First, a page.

One never knows what awaits on the other end of a phone call from a community member. This past week, a distraught parent called to inform us that their child, in grade 7, had been a victim of unwanted advances from a community member. Fortunately, the student’s brother interceded before the student was harmed. The parent’s intention in notifying us was twofold. She wanted us to remind the community to have conversations with their children about “stranger danger” and that if anything happens to tell families directly. In this situation, the child disclosed that this was not a first offence for this community member. This parent also wanted our educators to have conversations with our student population about consent and ensuring that our students know that they have a voice and can say, “No!” and to go and get a trusted adult as soon as possible. I assured her that we would do both and we did. I notified the community and asked staff to ensure that they found an opportunity to have that all important conversation.
As I exited my office and made my way to the offices of our VPs to inform them of the phone call and our next steps, about ¼ of one of our grade 7 class was making their way into the main office. They were looking for a space to read, as their parents had requested that they be exempted from the Human Development and Sexual Health unit.
I recall being in Toronto in August of 2019 when PPM 162 was released ~ This memorandum is the Exemption from Instruction related to Human Development and Sexual Health Expectations in the Ontario Curriculum: Health and Physical Education, Grades 1-8, 2019. The streets were lined with individuals with placards, criticizing the updated curriculum.
As a school board, we started to implement the procedures as outlined in the PPM (parameters associated with notification and exemptions). But as COVID became a reality and learning shifted to online for the next couple of years, exemptions were more easily implemented. Students simply did not join while the learning within that Health strand was occurring. Educators were concerned as they truly believe that all students need to be exposed to all the expectations with the curriculum document.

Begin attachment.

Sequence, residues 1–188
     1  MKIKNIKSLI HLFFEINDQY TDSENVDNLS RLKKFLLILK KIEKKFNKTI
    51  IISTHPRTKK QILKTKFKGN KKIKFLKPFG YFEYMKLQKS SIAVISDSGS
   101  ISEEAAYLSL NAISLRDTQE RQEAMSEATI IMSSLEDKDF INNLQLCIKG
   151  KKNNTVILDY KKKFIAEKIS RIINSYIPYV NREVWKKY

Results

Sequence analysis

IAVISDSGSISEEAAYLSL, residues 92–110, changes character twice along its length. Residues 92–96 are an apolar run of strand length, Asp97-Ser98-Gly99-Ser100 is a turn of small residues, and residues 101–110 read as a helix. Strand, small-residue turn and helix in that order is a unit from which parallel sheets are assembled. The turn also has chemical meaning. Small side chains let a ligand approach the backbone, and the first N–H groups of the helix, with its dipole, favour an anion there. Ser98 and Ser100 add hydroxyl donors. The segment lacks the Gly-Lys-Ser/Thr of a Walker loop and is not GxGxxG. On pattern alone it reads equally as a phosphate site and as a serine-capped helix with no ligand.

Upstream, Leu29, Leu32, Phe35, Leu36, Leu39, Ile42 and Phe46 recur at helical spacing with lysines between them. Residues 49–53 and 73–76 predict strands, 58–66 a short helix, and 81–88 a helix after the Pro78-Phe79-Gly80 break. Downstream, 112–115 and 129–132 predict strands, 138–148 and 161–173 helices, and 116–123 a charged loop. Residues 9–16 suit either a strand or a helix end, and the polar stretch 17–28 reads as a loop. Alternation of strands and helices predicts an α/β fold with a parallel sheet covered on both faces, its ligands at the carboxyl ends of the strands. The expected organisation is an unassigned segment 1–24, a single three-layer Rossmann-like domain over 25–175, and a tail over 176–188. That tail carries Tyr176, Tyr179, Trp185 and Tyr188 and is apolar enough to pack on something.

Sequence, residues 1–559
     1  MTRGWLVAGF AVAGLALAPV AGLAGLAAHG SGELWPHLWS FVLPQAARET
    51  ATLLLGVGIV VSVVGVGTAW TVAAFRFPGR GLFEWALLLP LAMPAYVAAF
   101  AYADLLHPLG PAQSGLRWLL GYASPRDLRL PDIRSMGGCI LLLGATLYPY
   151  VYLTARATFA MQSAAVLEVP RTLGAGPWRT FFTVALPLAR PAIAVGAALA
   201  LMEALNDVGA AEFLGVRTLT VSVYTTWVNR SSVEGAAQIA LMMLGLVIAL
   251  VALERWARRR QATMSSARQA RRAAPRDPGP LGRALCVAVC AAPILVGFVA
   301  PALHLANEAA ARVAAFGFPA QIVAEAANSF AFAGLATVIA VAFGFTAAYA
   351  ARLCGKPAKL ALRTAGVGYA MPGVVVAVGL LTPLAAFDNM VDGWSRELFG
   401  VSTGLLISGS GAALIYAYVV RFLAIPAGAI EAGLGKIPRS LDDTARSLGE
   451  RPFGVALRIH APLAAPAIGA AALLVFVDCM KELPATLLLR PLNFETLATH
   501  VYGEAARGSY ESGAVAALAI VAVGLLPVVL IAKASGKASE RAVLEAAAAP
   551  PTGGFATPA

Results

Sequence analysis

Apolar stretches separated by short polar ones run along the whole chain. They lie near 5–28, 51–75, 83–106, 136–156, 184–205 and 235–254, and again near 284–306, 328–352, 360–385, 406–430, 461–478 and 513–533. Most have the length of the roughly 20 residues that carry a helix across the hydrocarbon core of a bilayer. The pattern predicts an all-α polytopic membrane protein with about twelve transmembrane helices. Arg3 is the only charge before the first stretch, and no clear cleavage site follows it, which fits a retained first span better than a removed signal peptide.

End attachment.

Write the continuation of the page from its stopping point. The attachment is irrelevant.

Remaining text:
Now that we’re back to in-person learning, we are navigating the paperwork and the supervision plan ~ all the while still deeply committed to believing that all students would benefit.
Back to the students in my office…. Ironically, the lesson that they were missing was focusing on:
explain the importance of having a shared understanding with a partner about the following: delaying sexual activity until they are older; the reasons for not engaging in sexual activity; the concept of consent, the legal age of consent, and how consent is communicated; and, in general, the need to communicate clearly with each other when making decisions about sexual activity in a healthy, loving relationship.
The objectives within this expectation are exactly what this parent was asking us to do ~ and yet ¼ of our families (in this case) are intentionally withdrawing their children from class.
As we continue to grow as a school community, my hope is that we can strengthen our conversations with our families to ensure that they truly understand the intent of the learning and the importance of having their children exposed to these concepts by a caring, compassionate educator. I believe that so much of this comes down to trust. We want our families to trust that we can effectively and respectfully teach these concepts without undermining any religious or cultural beliefs.
Would love to know how your school is navigating PPM 162.
Come write with me…